When to go to Urgent Care for Fever

When to go to Urgent Care for Fever

If your fever lasts more than three days, you’re showing other symptoms like neck stiffness or trouble moving one or both sides of your body, or you have a high-grade fever (100.4°F) for an infant, child, or teenager with flu symptoms. High fevers could be a sign of bacterial infections, including meningitis. To treat a high fever in adults and older children: Take Tylenol (acetaminophen), ibuprofen (Advil), and/or naproxen sodium (Aleve). In infants and younger children who can’t swallow pills yet: Use an oral syringe with medicine as directed by your doctor.

Although parents might assume that a fever must be treated by a doctor in urgent care, it’s actually reasonable to treat with over-the-counter medications at home. In fact, most fevers are nothing more than viral infections, which usually resolve without any medical intervention. If your child’s fever is over 104oF (40oC), lasts more than four days, or comes along with other concerning symptoms like vomiting or diarrhea, you should call your pediatrician. The same goes if you notice that your child isn’t moving around normally or seems unusually irritable or drowsy. No matter what type of fever your kid has, make sure they stay hydrated while they’re ill—fluids will help their body get rid of toxins and prevent dehydration.

In general, if you have a fever of 100.4 degrees or higher and an obvious source of infection (like a wound or cut), it’s probably time to head straight to urgent care, says Eynon. While you could wait it out at home with some Tylenol, runny noses and coughs aren’t just annoying—they can be signs of more serious illness too. The same goes for very high fevers; these could be triggered by infections that are more easily treated when they’re caught early.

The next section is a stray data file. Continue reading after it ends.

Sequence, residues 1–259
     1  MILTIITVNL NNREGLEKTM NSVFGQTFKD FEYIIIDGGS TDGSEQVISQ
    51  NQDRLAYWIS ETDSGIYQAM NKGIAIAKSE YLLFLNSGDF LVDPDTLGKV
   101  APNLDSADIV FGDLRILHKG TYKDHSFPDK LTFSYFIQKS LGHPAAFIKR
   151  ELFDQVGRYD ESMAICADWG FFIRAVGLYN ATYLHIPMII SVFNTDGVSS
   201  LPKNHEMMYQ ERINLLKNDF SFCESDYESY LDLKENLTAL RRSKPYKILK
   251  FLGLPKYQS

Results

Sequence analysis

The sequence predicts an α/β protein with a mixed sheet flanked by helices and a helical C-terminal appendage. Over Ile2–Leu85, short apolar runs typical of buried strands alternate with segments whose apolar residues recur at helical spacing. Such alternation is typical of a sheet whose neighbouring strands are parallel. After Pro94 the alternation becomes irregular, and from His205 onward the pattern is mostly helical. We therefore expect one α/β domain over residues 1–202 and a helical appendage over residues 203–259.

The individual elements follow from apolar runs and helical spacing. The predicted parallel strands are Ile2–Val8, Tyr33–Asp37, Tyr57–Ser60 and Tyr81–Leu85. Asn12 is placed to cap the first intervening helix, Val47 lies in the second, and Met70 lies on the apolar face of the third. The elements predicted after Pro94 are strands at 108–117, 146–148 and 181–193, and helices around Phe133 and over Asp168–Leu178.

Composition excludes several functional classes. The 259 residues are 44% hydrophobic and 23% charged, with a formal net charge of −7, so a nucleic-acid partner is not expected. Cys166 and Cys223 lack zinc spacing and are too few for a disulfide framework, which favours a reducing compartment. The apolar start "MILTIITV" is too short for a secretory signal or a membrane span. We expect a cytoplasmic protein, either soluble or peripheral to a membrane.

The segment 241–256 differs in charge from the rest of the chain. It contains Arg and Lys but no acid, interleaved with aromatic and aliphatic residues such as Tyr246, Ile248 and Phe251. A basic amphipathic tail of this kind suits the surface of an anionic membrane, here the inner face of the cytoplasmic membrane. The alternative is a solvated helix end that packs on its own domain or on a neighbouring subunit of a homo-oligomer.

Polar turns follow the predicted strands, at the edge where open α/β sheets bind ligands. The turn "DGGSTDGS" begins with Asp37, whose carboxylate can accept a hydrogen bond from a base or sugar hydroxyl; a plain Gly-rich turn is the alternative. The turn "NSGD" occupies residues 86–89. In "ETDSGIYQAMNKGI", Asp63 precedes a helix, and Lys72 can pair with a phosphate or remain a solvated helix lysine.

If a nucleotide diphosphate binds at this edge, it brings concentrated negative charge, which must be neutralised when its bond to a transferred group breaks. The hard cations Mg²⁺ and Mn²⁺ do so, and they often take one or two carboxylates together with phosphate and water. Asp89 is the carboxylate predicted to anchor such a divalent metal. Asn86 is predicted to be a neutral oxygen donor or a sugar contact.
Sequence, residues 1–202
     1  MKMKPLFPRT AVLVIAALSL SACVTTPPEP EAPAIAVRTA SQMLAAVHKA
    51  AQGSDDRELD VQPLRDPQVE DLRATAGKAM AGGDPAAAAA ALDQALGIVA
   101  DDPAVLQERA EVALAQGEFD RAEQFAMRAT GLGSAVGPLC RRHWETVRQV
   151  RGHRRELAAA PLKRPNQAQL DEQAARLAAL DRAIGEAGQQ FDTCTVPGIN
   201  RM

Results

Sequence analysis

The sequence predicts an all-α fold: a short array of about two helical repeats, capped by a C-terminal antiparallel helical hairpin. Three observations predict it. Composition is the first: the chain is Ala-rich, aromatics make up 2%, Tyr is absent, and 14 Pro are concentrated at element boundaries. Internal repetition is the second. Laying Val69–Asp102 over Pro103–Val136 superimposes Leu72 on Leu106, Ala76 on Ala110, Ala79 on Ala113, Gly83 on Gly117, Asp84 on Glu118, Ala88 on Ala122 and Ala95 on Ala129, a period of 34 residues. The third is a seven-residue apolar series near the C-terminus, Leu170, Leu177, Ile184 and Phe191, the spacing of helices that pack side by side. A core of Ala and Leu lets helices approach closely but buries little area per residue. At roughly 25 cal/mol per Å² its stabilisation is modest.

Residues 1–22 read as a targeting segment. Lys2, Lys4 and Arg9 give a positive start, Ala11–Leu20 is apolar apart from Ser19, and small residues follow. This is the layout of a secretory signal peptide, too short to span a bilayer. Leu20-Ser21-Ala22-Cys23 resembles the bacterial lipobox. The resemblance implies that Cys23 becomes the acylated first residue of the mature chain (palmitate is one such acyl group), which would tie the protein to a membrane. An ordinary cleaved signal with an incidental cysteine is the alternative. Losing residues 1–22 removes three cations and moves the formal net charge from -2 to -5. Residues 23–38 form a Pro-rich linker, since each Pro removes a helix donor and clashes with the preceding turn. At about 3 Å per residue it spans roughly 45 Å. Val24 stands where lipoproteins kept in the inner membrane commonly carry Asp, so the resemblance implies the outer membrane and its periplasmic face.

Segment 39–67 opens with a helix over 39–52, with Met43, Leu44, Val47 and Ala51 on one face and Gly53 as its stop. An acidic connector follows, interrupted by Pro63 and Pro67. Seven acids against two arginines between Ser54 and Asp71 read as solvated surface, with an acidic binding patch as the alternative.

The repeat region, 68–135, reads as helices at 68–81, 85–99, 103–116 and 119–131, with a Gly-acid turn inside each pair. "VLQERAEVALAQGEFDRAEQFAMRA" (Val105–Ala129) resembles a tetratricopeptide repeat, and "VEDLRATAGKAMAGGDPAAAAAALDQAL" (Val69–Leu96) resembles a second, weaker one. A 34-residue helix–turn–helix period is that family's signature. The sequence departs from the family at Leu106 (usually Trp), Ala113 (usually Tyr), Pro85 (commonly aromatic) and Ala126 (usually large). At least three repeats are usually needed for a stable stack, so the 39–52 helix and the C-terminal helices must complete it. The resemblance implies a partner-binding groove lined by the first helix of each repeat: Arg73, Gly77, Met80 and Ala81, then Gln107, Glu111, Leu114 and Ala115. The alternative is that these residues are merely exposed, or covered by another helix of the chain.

It’s important to get immediate treatment for fevers, but many urgent care centers do not treat fevers—especially mild ones. They also may not give immunizations or prescription medication. Be sure to ask your doctor if there is a more appropriate healthcare option if you are suffering from a low-grade fever, such as seeing your regular physician, or visiting an urgent care center that provides primary health services like flu shots and prescriptions. The best way to get immediate help with a fever is by contacting 911. If you have access to medical care—whether it’s in your office building or on your smartphone—you should call 911 instead of waiting it out at home or work and then going directly to an urgent care center once you feel better.


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